So let’s think about what we just did. We created a run-of-the-mill .NET class written in C#. The only COM-specific change we made to that class was to enable the ComVisisble attribute, and that isn’t even necessary at this point since the C# class and its methods we wish to call are public. Then, using regasm, we created a type library file and added appropriate entries to the registry so that the class can be called from the COM infrastructure. We then called this class from a VB.NET test harness. We are one step away from calling this .NET class written in C# from the VBScript code on our ASP page.
Before jumping into the VBScript, let’s examine the registry key that directs a scripting engine to the type library for our class. Look back in the AssemblyInfo.cs file that VIsual Studio generated for us. That file contains a GUID (attached to the Guid attribute) that Visual Studio created for us. This GUID is used to define a key like this:
A scripting engine might know the GUID for a type library that it is going to reference. For example, an ASP website’s Global.asa file might have the following type library reference in it:
NAME="Microsoft ActiveX Data Objects 2.1 Library"
This reference will cause the scripting engine to look up this GUID under the TypeLib key where it can find out where the type library file resides.
The regasm tool took the GUID out of the assembly file’s metadata section and created this key for us as well as populated the key with the appropriate information. Navigate to the that key now. Notice that there is also a version number sub-key under this key. In our case, the version number is 1.0.0, so our type library information would be under this key:
Notice how there is a entry for the “major + minor” version number and then there is a separate sub-key for each release number. The Win32 key points to the location of the type library file for the version of interest, in my case this is:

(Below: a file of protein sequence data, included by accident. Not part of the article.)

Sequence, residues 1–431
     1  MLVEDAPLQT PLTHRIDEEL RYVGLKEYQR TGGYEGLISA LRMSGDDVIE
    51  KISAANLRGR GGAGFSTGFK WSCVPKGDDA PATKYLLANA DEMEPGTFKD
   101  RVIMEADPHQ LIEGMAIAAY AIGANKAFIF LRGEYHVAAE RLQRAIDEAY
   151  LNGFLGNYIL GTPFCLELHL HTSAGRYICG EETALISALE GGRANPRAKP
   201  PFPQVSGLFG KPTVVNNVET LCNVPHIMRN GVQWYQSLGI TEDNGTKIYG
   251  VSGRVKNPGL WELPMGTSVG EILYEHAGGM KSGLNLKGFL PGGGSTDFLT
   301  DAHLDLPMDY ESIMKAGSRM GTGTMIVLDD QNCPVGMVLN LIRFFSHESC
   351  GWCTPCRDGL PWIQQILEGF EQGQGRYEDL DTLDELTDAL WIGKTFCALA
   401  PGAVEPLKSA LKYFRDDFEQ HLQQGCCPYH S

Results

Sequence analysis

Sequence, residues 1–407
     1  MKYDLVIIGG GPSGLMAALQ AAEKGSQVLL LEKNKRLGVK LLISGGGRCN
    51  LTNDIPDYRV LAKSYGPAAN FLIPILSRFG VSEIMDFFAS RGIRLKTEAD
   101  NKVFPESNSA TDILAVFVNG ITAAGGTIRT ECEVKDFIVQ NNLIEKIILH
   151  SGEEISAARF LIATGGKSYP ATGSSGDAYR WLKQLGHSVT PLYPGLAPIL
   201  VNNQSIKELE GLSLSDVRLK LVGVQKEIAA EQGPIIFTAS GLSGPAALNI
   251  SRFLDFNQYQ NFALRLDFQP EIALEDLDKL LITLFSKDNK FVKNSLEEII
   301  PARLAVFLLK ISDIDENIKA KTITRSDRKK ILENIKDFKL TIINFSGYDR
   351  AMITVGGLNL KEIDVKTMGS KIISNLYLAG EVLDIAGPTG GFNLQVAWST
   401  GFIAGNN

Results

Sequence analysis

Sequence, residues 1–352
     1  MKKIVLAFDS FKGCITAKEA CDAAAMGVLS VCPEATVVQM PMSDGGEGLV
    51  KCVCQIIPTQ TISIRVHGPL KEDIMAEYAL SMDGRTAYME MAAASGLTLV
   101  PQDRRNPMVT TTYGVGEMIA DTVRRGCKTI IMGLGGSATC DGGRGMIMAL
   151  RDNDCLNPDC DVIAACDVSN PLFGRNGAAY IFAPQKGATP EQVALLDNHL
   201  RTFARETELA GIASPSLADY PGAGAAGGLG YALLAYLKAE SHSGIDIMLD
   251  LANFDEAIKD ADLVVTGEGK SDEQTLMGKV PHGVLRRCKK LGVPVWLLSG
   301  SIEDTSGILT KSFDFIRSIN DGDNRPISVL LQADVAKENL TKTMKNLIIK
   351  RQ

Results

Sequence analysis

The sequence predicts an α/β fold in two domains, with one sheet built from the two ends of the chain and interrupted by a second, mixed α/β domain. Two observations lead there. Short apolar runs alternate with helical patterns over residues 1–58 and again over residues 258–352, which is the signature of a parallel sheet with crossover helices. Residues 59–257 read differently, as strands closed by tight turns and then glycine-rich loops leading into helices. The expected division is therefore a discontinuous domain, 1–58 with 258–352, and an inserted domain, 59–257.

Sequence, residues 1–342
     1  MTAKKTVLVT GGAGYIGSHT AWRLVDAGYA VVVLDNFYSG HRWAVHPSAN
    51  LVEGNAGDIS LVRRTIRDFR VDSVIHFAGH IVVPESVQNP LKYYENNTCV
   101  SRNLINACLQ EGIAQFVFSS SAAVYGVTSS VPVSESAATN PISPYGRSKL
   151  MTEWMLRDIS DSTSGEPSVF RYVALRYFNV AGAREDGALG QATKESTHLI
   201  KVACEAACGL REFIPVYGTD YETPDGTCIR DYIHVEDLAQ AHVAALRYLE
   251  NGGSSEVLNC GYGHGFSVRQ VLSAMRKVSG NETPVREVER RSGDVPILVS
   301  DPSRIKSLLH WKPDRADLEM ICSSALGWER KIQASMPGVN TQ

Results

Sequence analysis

Unfortunately, this scheme does not have a friendly name for the type library like the ProgID does for the class information. It would be nice if there were a “friendly type name”-to-GUID translator, but there is no such mechanism. It’s GUIDs all the way for the type library information.
Sign the Assembly
In order to use COM to call our library, the library assembly must be signed. If you do not have a key-pair file create one with this command:
sn -k ComLibraryKeyPair.snk
This will create a key-pair file that you can add to the Visual Studio solution and then specify that the ComLibrary should be signed with this file on the Signing tab of the Properties pages.
The regasm codebase switch must also be used when registering the library for use on an ASP page. So first un-register the library:
regasm ComLibrary.dll /unregister /tlb /verbose
and then register it again, but with the codebase switch:
regasm ComLibrary.dll /tlb:ComLibrary.tlb /registered /verbose /codebase
Calling COM From VBScript
To create an ASP page that calls our library, you will need to configure IIS to host an ASP website (refer to my article Debugging ASP With Visual Studio for one way to set up this environment). With the required environment in place, create an ASP page which we’ll call test-com.asp. Add this code to the page:
Now browse to this test page. If you get this error message:
then it means that your ASP website does not have a reference to the library (error code 80070002 is “file not found”). So add a reference to the library DLL file to your website, then browse to the page again.
Calling .NET Framework Classes
Not only can you call your own classes from VBScript, you can also call the .NET Framework classes from VBScript. You may be stuck in the world of ASP and VBScript, but you still have the .NET Framework at your disposal.
Patrick Steele over at 15 Seconds wrote an article called COM Interop Exposed which gives a good account of the history of COM and and its relation to VB6. He explains how VB6 exposes a class as a COM coclass and how VB6 generates interfaces. More importantly, he describes how to expose a .NET class to COM, how COM early- and late-bingind work and why. And in Part 2, he describes COM events (the COM connection point protocol).
Essential COM by Don Box, Addison-Wesley, 1998, ISBN 0-201-63446-5.